Differences have been detected in the neural network of body representation in transsexuals (Lin et al., 2014). Lin et al. investigated the regional changes in the degree of centrality in resting-state functional connectivity of the brain; the degree of centrality is an index of the functional importance of a node in a neural network. They hypothesized that three key regions of the body representation network (primary somatosensory cortex, parietal lobe, and insula) would show a higher degree of centrality in untreated transsexuals with respect to controls. Transsexuals do show a higher degree of centrality in the bilateral parietal lobe and the somatosensory cortex. However, their data analysis pooled the data from MtFs and FtMs. Although the findings of Lin et al. are indicative of specific connectivity features in transsexuals, they should be taken cautiously until separate analyses distinguishing between MtFs and FtMs, the onset of the GD, and sexual orientation can be presented.
Comment on the Brain of Nonhomosexual Transsexuals
As noted above, there is only one morphological study on untreated nonhomosexual transsexuals in the literature (Savic & Arver, 2011). This study and our proposed phenotypes for homosexual MtFs and FtMs could help us take the first steps in discerning between homosexual and nonhomosexual transsexuals. Homosexual MtFs are female-like in a series of sexually dimorphic behaviors, while nonhomosexual MtFs are not (Blanchard, 1989a, 1989b). It has also been hypothesized that the brain of homosexual and nonhomosexual MtFs would differ from that of males in different ways. In homosexual MtFs, the differences would involve sexually dimorphic structures and the nature of the differences would be a shift toward the female-typical patterns, while in nonhomosexual MtFs the differences themselves would not involve sexually dimorphic structures (Blanchard, 2008). Moreover, it was also suggested that “if there is any neuroanatomic intersexuality, it is in the homosexual group” (Blanchard, 2008).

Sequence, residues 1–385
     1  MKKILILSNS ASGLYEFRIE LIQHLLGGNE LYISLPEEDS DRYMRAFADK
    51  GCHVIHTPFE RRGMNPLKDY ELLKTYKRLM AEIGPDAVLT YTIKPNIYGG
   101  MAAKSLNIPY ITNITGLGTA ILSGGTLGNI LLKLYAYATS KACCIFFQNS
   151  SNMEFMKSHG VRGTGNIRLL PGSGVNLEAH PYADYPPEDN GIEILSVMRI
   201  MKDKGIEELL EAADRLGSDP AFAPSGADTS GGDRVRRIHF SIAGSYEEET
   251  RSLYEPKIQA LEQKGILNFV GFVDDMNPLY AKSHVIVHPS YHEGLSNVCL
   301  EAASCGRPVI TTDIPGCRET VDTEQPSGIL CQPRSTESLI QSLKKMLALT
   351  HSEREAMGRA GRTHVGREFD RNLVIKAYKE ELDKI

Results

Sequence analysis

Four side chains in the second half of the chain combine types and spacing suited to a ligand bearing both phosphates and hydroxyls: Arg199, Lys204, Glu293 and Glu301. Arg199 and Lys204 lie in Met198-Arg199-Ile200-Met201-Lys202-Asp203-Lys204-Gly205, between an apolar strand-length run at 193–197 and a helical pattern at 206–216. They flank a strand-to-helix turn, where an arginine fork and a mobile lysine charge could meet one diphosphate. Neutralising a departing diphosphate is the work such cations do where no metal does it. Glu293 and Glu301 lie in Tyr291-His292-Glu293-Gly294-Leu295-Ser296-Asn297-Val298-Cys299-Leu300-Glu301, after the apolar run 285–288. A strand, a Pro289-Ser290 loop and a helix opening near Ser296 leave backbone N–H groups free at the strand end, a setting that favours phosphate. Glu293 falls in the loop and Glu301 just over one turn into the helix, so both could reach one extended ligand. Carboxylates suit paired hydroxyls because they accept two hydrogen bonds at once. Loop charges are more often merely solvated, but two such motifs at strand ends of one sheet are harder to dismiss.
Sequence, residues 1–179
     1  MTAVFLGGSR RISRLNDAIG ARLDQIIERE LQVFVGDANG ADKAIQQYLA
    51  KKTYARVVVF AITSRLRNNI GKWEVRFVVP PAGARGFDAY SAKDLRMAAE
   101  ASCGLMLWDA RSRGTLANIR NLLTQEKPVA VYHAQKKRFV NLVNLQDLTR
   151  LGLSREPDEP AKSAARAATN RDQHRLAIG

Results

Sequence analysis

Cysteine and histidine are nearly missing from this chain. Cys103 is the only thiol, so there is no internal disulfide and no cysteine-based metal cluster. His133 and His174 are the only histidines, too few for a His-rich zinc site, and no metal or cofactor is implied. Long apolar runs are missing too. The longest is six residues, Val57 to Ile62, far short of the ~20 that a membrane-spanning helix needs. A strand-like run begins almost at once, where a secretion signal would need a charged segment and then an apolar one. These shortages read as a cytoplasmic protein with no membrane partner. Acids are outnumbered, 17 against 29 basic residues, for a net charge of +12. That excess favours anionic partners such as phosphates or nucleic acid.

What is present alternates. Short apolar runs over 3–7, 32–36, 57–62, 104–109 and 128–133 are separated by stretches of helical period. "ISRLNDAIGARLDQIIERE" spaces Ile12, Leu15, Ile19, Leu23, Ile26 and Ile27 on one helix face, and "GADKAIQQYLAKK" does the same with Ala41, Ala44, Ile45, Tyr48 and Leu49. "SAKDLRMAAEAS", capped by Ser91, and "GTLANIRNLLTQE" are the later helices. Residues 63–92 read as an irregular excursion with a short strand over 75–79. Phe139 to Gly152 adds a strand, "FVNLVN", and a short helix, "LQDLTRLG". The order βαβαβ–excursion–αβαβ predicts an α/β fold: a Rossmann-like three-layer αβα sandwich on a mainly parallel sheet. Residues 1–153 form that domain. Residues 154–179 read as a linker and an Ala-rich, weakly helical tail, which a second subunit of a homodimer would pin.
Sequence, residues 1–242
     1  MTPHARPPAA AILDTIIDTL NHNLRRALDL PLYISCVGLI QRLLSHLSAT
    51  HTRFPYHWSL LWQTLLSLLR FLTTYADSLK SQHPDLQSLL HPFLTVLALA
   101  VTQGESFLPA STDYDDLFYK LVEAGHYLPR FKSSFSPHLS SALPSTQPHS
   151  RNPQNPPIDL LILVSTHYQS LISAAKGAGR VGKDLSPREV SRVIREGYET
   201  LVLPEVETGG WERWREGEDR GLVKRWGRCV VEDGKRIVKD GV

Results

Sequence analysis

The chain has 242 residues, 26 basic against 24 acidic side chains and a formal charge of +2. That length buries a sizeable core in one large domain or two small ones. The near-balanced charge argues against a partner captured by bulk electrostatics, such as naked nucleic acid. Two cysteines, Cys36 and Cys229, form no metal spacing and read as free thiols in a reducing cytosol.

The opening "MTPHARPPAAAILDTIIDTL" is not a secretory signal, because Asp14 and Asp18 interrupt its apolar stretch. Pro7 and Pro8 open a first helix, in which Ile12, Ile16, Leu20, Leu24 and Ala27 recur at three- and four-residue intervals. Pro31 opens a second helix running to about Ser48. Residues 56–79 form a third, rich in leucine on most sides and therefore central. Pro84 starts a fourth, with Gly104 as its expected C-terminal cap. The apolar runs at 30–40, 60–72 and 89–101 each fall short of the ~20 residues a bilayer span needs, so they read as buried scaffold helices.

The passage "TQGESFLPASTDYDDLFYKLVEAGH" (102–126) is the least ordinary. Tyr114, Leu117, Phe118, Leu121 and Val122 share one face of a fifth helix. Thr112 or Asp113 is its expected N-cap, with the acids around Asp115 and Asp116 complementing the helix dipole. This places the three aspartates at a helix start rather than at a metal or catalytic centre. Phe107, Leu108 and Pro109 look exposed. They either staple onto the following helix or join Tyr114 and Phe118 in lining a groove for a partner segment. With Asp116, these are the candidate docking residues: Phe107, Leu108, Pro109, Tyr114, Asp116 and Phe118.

Following this line of thought, Cantor (2011, 2012, but also see Italiano, 2012) has recently suggested that Blanchard’s predictions have been fulfilled in two independent structural neuroimaging studies. Specifically, Savic and Arver (2011) using VBM on the cortex of untreated nonhomosexual MtFs and another study using DTI in homosexual MtFs (Rametti et al., 2011b) illustrate the predictions. Cantor seems to be right. Nonhomosexual MtFs present differences with heterosexual males in structures that are not sexually dimorphic (Savic & Arver, 2011), while homosexual MtFs (as well as homosexual FtMs) show differences with respect to male and female controls in a series of brain fascicles (Rametti et al., 2011a, 2011b). If other VBM and CTh studies on the cortex of homosexual MtFs are added (Simon et al., 2013; Zubiaurre-Elorza et al., 2013), there is a more substantial number of untreated homosexual MtFs and FtMs that fulfill Blanchard’s prediction but still only one study on nonhomosexual MtFs; to fully confirm the hypothesis, more independent studies on nonhomosexual MtFs are needed. A much better verification of the hypothesis could be supplied by a specifically designed study including homosexual and nonhomosexual MtFs.